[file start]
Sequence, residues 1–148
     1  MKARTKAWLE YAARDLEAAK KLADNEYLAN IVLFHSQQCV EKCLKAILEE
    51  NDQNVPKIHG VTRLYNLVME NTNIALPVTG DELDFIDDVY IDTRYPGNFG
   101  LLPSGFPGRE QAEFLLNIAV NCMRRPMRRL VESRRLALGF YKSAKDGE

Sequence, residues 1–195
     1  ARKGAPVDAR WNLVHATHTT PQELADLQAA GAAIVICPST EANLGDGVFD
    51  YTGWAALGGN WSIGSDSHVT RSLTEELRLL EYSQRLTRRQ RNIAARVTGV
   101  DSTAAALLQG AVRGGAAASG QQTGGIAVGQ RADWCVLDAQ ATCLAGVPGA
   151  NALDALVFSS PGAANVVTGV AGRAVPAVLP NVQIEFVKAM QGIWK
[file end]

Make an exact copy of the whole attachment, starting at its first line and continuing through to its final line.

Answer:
Sequence, residues 1–148
     1  MKARTKAWLE YAARDLEAAK KLADNEYLAN IVLFHSQQCV EKCLKAILEE
    51  NDQNVPKIHG VTRLYNLVME NTNIALPVTG DELDFIDDVY IDTRYPGNFG
   101  LLPSGFPGRE QAEFLLNIAV NCMRRPMRRL VESRRLALGF YKSAKDGE

Sequence, residues 1–195
     1  ARKGAPVDAR WNLVHATHTT PQELADLQAA GAAIVICPST EANLGDGVFD
    51  YTGWAALGGN WSIGSDSHVT RSLTEELRLL EYSQRLTRRQ RNIAARVTGV
   101  DSTAAALLQG AVRGGAAASG QQTGGIAVGQ RADWCVLDAQ ATCLAGVPGA
   151  NALDALVFSS PGAANVVTGV AGRAVPAVLP NVQIEFVKAM QGIWK